Global News Journal

Beyond the World news headlines

Berlin Wall went down with a party — rather than a bang

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One of the most amazing aspects about the Berlin Wall’s sudden collapse 20 years ago was that no one lost their nerve. Not a single shot was fired. The Cold War ended with the biggest street party Berlin, or any city anywhere, has ever seen. 

Who would have thought that’s how the Berlin Wall would go out? Berlin’s long division was the result of World War Two. The Wall was the focal point of the Cold War — Soviet and American tanks faced off almost barrel-to-barrel at Checkpoint Charlie. Not surprisingly, many people thought that the stalemate would only be changed by another war. But instead on Nov. 9, 1989 there was no bang, no blood. Just a lot of celebrating. And a lot of tears.

That’s for me probably the most fascinating thing about the sudden implosion of the Communist East German regime — it went out so peacefully. And that’s one of the themes that has been touched upon in the myriad of German media accounts in recent weeks ahead of the 20th anniversary of the Wall’s fall on Nov. 9.

It’s also an issue that’s been explored by Reuters correspondents in Berlin past and present — in a series of  stories that you can read on this special page 

It’s all the fault of those people who work and save too much

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One thing we’ve learnt from the crisis is that if something sounds funny it probably is. All that talk about slicing and dicing subprime debt to turn it into triple-A securities was hard to understand at the time and now we know it was just the 21st century equivalent of alchemy.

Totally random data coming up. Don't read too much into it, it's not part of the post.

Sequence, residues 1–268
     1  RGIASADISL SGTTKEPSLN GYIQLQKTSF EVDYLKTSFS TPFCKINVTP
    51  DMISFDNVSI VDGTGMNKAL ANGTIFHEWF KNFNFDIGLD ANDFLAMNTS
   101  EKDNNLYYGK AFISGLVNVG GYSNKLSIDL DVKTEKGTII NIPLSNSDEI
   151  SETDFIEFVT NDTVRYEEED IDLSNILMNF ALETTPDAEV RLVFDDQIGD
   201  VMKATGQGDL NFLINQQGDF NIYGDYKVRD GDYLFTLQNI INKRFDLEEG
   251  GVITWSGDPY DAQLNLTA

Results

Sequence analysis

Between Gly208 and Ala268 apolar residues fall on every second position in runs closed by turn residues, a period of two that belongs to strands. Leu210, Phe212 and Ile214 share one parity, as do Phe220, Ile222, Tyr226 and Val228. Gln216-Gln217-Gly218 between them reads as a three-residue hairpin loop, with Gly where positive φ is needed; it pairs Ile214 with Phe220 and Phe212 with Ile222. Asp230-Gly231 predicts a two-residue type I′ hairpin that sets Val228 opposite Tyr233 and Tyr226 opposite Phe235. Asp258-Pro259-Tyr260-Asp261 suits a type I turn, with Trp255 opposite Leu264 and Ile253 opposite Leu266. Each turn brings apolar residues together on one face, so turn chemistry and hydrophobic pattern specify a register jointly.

The current debate about the responsibility that surplus countries like China, Germany and Japan share for the crisis has a similar ring.

from Pakistan: Now or Never?:

Pakistan’s Enemy No.1

Who is Pakistan's biggest threat? Not the Taliban, not even India, but the United States, according to an overwhelming majority of Pakistanis surveyed in a poll just out.

On the eve of the 62nd anniversary of Pakistan's creation, the Gallup Pakistan poll offers a window into the mind of a troubled, victimised nation. And it surely must make for some equally uncomfortable reading in the United States, led at this time by a president who has sought to reach out to the Muslim world and distance himself from the foreign policy adventurism of his predecessor.

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